Cuso International has a long history of working with Indigenous peoples worldwide. Underpinning this work has been our belief in the importance of Indigenous self-determination. This continues to be the core of our approach today. Added to this, our values – partnership, respect and integrity, and accountability – guide all of our work and have proven to be in line with the goals and aspirations of our Indigenous partners.
The historic injustices Indigenous peoples have suffered, due to colonization and the dispossession of their lands, territories and resources, have been a barrier to pursuing their right to development in accordance with their own needs and interests. Cuso International works with Indigenous partners to overcome these injustices. Indigenous control over Indigenous development can revitalize Indigenous institutions, cultures and traditions. This approach also ensures that development is sustainable, equitable, and environmentally sound.
As an organization, Cuso International supports the United Nations (UN) Declaration on the Rights of Indigenous Peoples and especially Canada’s decision in May, 2016 to remove its objector status – without qualification – to the Declaration. This key document, along with the UN Sustainable Development Goals and the recommendations of the Truth and Reconciliation Commission, provide us with essential guidance as we continue our work with Indigenous peoples in Canada and abroad.
A fundamental shift in public understanding is needed to end poverty in Canada. It is too often said that Indigenous issues are “complicated” or “political”, that the problems are so big that it is hard to know where to start. This discourse is used by many to justify inaction, and effectively ignores the many viable recommendations proposed by Indigenous leaders and organizations across the country, and those issued by the Royal Commission on Aboriginal Peoples, the Auditor General of Canada and, the Truth and Reconciliation Commission of Canada. Change in Canada is possible. It is not a question of solutions, but rather of public will.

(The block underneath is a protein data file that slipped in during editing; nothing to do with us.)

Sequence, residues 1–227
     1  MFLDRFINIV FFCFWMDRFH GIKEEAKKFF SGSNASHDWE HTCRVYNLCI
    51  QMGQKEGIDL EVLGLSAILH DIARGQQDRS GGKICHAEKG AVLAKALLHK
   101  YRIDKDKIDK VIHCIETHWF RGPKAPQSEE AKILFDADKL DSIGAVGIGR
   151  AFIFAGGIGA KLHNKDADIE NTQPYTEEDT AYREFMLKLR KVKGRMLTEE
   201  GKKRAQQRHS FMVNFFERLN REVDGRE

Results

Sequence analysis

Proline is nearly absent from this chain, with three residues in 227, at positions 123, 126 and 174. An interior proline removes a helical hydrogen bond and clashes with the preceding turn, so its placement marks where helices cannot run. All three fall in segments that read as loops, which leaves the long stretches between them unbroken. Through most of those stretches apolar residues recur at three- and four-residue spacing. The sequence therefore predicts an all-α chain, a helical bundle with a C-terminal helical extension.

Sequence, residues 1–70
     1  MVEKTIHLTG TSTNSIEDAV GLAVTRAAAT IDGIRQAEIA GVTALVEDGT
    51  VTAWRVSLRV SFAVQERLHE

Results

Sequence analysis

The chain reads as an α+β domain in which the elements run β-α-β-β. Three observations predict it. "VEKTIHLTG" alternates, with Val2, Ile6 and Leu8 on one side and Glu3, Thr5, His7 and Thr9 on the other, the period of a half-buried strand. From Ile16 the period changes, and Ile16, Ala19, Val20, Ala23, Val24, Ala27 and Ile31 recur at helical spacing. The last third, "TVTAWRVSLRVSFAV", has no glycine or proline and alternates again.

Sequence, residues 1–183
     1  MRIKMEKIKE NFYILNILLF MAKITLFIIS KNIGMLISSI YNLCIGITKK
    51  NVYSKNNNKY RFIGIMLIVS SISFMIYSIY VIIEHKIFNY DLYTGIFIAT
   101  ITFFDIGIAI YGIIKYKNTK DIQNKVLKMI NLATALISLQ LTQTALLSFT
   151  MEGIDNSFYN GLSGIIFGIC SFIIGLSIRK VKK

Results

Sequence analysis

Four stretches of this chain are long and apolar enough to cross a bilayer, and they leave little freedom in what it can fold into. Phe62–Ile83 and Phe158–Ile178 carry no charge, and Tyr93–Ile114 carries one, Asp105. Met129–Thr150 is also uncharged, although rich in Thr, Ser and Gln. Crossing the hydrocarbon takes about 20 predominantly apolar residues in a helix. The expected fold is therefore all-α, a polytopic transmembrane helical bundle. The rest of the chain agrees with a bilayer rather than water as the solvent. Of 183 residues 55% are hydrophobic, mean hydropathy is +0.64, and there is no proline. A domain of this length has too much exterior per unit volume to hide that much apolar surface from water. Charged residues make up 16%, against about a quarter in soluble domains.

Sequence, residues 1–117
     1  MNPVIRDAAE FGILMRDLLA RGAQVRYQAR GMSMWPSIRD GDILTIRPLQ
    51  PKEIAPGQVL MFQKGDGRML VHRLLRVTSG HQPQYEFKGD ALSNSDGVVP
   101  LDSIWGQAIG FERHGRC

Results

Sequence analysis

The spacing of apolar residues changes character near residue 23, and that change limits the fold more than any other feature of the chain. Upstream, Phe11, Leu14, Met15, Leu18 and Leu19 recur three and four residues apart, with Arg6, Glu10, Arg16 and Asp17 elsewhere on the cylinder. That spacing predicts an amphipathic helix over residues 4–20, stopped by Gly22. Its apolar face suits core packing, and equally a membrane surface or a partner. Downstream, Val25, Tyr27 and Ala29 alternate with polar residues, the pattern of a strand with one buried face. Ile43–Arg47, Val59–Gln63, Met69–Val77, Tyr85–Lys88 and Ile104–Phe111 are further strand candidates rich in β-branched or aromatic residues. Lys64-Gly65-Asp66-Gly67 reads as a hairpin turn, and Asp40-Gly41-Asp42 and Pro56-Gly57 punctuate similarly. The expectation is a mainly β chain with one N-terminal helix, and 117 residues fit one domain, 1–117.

Partnerships within Canada
Our current partners deliver locally-driven services and programs that seek to redress power imbalances and eradicate poverty and inequality in their communities. As all of our partnerships are based on mutual learning and growth, we continually seek to expand our own understanding of Indigenous issues and engage in decolonization as an organization.
Our most recent Indigenous organization partner, Ma Mawi Wi Chi Itata has spent three decades working with Indigenous communities in Winnipeg, Manitoba. Using Indigenous ways of knowing, they build the strength and brighten the future of those they serve. This includes: children in care, at-risk youth, survivors of sex trafficking and families dealing with violence. Our work with Ma Mawi, entitled ‘Mino Stat An’ (Cree for “Making Things Right”), involves creating a partnership based upon the shared goals of reconciliation and growing a vital community institution. Another project related to the well-being of Indigenous youth, involves volunteers being placed with the Beaufort Delta Education Council & South Slave Divisional Education Council, through a program Cuso International accepted from the Frontiers Foundation. Through this initiative we work in partnership with communities and volunteers to improve education supports in the Northwest Territories.
Cuso International also worked in 2017 with the First Nations Health Authority (FNHA), an organization responsible for the health of First Nations in British Columbia, has a strong economic development focus. Together, FNHA and Cuso International created a volunteer placement aimed at increasing sustainable and culturally relevant economic opportunity in the field of healthcare. Similarly, our work, completed in early 2016, with Reconciliation Canada involved transferring business development skills to several members of the Namgis First Nation in British Columbia.
We are very excited about the growth of our Canadian program and the opportunities to work with, and alongside, Indigenous peoples in Canada.